Sundrop Farms

Sundrop Farms is a developer, owner and operator of high tech greenhouse facilities which grow crops using methods which reduce reliance on finite natural resources when compared to conventional greenhouse production.[1] Sundrop Farms opened its first pilot facility in Port Augusta, South Australia, in 2010 (operating as Seawater Greenhouse Australia Pty Ltd). This facility was originally designed as a Seawater Greenhouse. However, significant technology changes led to the Sundrop System, and the dissolution of the joint venture with Seawater Greenhouse Ltd.[2] Sundrop Farms commissioned an expanded 20 ha facility south of Port Augusta in 2016. Sundrop Farms has offices in London, UK and Adelaide, Australia. In October 2016, Sundrop Farms was operating greenhouses in Portugal, the United States and had another facility planned in Australia.[3]

Sundrop systemEdit

The primary inputs to a greenhouse are heat, electricity, water, and nutrients. The Sundrop System is a collection of technologies which, when used in combination, reduce the need for finite resources in these inputs versus conventional greenhouse production. In Sundrop Farms’ first facilities in South Australia, these technologies include concentrated solar power, thermal desalination, and steam-driven electricity generation.[4] This is the first combined heat, power, and water system powered by solar energy for greenhouse production.

Commercial expansion in AustraliaEdit

Sundrop Farms
 
20 hectare expansion project, Port Augusta, South Australia
 
CountryAustralia
LocationPort Paterson, South Australia
Coordinates32°32′51.4″S 137°50′48.1″E / 32.547611°S 137.846694°E / -32.547611; 137.846694Coordinates: 32°32′51.4″S 137°50′48.1″E / 32.547611°S 137.846694°E / -32.547611; 137.846694
StatusOperational
Construction began2016
Owner(s)Sundrop Farms
Operator(s)Sundrop Farms
Solar farm
TypeCSP
CSP technologySolar power tower
Total collector area51,500 square metres (554,000 sq ft)
Power generation
Nameplate capacity1.5MWe
External links
Websitewww.sundropfarms.com
CommonsRelated media on Commons

In 2015, Sundrop Farms constructed a 20 hectare solar-powered greenhouse facility near its original site, south of Port Augusta in South Australia.[5] This facility, completed in 2016, produces over 15,000 tonnes of truss tomatoes (on the vine) each year to supply the Australian supermarket operator Coles under a ten-year contract.[6] Sundrop Farms operations are primarily powered by a concentrated solar thermal power plant and seawater withdrawn from Spencer Gulf and desalinated to feed produce. The project was expected to generate around 100 jobs during the construction of the greenhouse facility (in 2015) and approximately 200 jobs once operational. In 2014, private equity firm Kohlberg Kravis Roberts invested $100 million in the company. The development was supported by the Government of South Australia which provided approximately $6 million in grant funding. A $150 million development contract was awarded to John Holland in 2014 to construct the expanded facility over an 18-24 month time-frame[7][8] and the total project cost is an estimated $205 million.[9]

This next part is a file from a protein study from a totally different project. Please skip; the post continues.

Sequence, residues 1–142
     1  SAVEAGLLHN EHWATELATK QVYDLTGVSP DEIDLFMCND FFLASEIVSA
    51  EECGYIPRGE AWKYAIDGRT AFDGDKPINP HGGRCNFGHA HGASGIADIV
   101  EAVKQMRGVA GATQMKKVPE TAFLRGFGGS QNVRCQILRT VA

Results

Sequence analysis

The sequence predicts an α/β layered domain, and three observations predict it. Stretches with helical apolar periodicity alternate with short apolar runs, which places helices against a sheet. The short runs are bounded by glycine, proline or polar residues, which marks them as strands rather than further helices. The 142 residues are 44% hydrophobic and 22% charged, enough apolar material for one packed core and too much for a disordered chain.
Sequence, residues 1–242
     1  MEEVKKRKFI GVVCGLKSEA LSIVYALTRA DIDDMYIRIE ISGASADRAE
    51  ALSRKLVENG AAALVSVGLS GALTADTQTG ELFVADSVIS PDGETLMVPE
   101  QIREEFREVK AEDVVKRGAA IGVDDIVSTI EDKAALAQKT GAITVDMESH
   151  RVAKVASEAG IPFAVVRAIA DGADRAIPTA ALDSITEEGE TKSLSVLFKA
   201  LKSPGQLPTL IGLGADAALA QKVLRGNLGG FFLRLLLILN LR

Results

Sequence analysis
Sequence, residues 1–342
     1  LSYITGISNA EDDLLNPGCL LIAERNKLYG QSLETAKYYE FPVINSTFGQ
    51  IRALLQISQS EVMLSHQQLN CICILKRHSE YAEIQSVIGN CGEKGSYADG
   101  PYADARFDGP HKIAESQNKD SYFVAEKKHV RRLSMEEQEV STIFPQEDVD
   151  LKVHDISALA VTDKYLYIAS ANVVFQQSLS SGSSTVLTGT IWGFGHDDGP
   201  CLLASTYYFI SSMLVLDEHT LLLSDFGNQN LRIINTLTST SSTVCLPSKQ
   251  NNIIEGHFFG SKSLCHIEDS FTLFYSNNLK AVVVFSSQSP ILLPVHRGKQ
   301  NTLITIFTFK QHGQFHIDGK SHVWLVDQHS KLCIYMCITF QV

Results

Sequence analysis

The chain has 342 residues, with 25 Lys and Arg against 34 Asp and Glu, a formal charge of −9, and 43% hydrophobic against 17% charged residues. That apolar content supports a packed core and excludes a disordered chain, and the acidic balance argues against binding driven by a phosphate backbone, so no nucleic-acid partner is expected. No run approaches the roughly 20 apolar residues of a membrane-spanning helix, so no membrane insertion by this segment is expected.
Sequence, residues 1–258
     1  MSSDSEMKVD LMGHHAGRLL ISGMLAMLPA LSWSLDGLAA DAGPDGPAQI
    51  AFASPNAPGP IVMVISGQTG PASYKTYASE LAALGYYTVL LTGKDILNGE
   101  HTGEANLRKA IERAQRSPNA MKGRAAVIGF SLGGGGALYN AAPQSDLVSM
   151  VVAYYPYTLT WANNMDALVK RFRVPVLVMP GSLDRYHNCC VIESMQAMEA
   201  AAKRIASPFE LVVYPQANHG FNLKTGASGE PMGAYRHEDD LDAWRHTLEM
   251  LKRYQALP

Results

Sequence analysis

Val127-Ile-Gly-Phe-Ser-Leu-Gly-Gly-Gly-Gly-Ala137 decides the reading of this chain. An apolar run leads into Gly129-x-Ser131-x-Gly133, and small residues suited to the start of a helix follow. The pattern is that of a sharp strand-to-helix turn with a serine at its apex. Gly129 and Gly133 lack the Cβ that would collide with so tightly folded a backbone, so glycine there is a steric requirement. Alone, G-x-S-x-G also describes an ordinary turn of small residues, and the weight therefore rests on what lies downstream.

The $175 million, highly productive "farm" opened in June 2016 and produces 10-15 per cent of Australia's truss tomatoes to Coles.[10] In May 2019, it was sold to Morrison and Co.[11] It employs 300 people.[12]

Concentrated solar powerEdit

Sundrop Farms' 20 hectare expanded facility is powered by an Integrated Energy System based on the concentrated solar power (CSP) technology.[13] The system is designed and delivered by Danish renewable energy specialist, Aalborg CSP, and it is the first large-scale CSP-based technology in the world to provide multiple energy streams – heating, fresh water and electricity – for horticultural activities.[14] The 51,500m2 solar field comprises eSolar’s Solar Collector System.[15] Commissioned in October 2016,[16][17][18][19] the facility's concentrated solar thermal plant peak heat production rate is 39 MW,[20] and desalinates water while producing 1.5 MWe of electricity.[21]

Desalination plantEdit

Sundrop Farms' original pilot facility desalinated seawater but did not return waste brine to Spencer Gulf. The brine was collected in ponds from which salt could be harvested.[22] The company's brine management plan changed with its 20 hectare expansion in 2014. Sundrop Farms sought and received approval from the South Australian Environment Protection Authority to discharge waste brine into Spencer Gulf at a salinity of 60 parts per thousand. The expanded facility discharges its brine into the cooling water outflow channel previously used by the coal-fired Port Augusta power stations.[21]